Good standing requires that the student maintain a minimum 3.0 grade point average. Upon successful completion of the written and oral portions of the qualifying examination, the examination committee will recommend acceptance into PhD candidacy. Successful completion of the dissertation and its presentation and defense is established by the approval of the student’s dissertation committee and the approval of the chair of the sponsoring department and the program chair.
|Core Course Work||16|
|Biochemistry I 1,2,3|
or BIOC 667
|Cell Biology 1,2,3|
|Responsible Conduct of Research: Survival Skills and Research Ethics 1|
|Design and Analysis of Computer Algorithms|
or CSE 632
|Introduction to Bioinformatics 1|
|Statistics for Bioinformatics|
|Focus Area & Electives (see lists below)||21|
Focus Area (minimum three courses) 4
Electives (minimum four courses) 4
|Minimum Total Hours||46|
All courses are required.
Students with an appropriate background in the biomedical and natural sciences may petition to substitute a course in either the Computational Sciences or Mathematics and Statistics focus.
Courses selected with approval of advisor and the Executive Committee
At least one elective course must be selected from each of the other two focus areas other than the student's primary focus area.
Focus Area Electives
|Elective Courses in Mathematics and Statistics|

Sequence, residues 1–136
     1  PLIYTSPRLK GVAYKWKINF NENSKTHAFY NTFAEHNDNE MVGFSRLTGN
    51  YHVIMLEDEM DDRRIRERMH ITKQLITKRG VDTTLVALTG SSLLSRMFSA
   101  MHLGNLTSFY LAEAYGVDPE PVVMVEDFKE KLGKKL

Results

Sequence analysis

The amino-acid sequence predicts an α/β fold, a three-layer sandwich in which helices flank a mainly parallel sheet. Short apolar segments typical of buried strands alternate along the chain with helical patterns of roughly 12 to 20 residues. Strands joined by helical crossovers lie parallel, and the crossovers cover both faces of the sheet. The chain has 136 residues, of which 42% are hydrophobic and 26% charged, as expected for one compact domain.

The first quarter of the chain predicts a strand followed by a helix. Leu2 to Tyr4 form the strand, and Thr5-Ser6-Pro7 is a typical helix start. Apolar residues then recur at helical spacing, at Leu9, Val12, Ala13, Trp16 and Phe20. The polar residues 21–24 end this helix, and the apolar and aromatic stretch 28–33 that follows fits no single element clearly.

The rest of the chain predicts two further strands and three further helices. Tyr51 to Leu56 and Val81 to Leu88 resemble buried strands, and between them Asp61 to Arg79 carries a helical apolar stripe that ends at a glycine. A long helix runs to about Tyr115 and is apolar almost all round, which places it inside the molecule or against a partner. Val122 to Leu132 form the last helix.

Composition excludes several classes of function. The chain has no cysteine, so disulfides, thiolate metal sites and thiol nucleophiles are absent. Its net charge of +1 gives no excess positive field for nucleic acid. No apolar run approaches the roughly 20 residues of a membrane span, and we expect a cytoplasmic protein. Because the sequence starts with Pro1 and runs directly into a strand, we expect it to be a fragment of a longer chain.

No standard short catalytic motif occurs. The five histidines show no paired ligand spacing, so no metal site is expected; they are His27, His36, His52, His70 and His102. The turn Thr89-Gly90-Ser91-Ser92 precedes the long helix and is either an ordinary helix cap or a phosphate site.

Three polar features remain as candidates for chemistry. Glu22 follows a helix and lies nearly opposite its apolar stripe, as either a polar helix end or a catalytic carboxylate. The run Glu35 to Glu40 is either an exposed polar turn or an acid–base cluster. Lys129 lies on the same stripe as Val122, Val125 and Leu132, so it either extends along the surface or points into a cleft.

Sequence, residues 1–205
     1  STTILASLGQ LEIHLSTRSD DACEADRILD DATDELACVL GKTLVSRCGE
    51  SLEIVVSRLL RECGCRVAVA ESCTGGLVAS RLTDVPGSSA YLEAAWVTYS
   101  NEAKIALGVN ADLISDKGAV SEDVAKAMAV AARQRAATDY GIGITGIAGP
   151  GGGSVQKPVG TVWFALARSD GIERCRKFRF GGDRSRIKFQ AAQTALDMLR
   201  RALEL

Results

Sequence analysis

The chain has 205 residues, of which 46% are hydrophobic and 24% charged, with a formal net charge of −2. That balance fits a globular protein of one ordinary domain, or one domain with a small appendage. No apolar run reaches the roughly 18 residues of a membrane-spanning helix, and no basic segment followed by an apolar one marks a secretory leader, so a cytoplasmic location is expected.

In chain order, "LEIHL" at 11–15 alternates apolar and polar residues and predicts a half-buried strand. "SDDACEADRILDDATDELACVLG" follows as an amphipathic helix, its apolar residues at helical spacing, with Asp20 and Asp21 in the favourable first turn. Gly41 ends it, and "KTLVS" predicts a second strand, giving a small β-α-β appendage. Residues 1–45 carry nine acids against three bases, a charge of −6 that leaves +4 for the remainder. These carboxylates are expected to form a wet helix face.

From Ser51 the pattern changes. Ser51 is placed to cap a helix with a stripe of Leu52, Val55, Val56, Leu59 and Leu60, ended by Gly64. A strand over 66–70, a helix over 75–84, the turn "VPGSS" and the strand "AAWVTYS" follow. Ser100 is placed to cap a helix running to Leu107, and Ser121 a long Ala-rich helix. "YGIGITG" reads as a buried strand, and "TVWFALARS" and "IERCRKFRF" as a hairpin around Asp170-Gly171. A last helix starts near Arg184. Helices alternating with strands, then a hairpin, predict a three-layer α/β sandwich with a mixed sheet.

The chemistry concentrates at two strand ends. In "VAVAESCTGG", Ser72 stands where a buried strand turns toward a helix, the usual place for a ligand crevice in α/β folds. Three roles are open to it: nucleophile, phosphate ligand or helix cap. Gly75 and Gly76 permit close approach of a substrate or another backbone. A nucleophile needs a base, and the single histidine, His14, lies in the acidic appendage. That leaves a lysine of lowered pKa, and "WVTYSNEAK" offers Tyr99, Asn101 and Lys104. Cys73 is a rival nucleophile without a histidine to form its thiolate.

|MATH 505||Introduction to Partial Differential Equations||3|
|MATH 561||Probability 1||3|
|PHYS 565||Computational Physics||3|
|PHYS 625||Statistical Mechanics||3|
|MATH 636||Mathematical Modeling II||3|
|PHST 661||Probability 1||3|
|PHST 662||Mathematical Statistics 1||3|
|MATH 562||Mathematical Statistics 1||3|
|MATH 681||Combinatorics and Graph Theory I||3|
|MATH 682||Combinatorics and Graph Theory II||3|
|PHST 682||Multivariate Statistical Analysis||3|
|PHST 691||Bayesian Inference and Decision||3|
|PHST 710||Advanced Statistical Computing I||3|
|PHST 724||Advanced Clinical Trials||3|
|PHST 762||Advanced Statistical Inference||3|
|PHST 751||High-throughout Data Analysis||3|
|PHST 752||Statistical Genetics||3|
|PHST 780||Advanced Nonparametrics||3|
|PHST 781||Advanced Linear Models||3|
|PHST 782||Generalized Linear Models||3|
|Elective Courses in Biomedical and Natural Sciences|
|BIOL 542||Gene Structure and Function - WR||3|
|BIOC 680||Biomolecular Interactions||2|
|BIOC 611||Techniques in Biomolecular Interactions||4|
|ASNB 614||Molecular Neuroscience||4|
|BIOC 647||Advanced Biochemistry II 1||4|
|CHEM 647||Advanced Biochemistry II||4|
|BIOC 661||Molecular Mechanisms of Toxicology||3|
|BIOC 668||Molecular Biology||4|
Credit only for one: CHEM 645/BIOC 645, CHEM 647/BIOC 647. Students may take either the BIOC 545/BIOC 547 or CHEM 645/CHEM 647 sequence but are not allowed to take the sequence BIOC 545/CHEM 647 or CHEM 645/BIOC 547.
|Elective Courses in Computational Sciences|
|CSE 625||Parallel Programming||3|
|CSE 619||Design and Analysis of Computer Algorithms||3|
|CSE 622||Simulation and Modeling of Discrete Systems||3|
|CSE 627||Digital Image Processing||3|
|CSE 628||Computer Graphics||3|
|CSE 629||Distributed System Design||3|
|CSE 630||Advanced Databases||3|
|CSE 632||Data Mining||3|
|CSE 641||Medical Imaging Systems||3|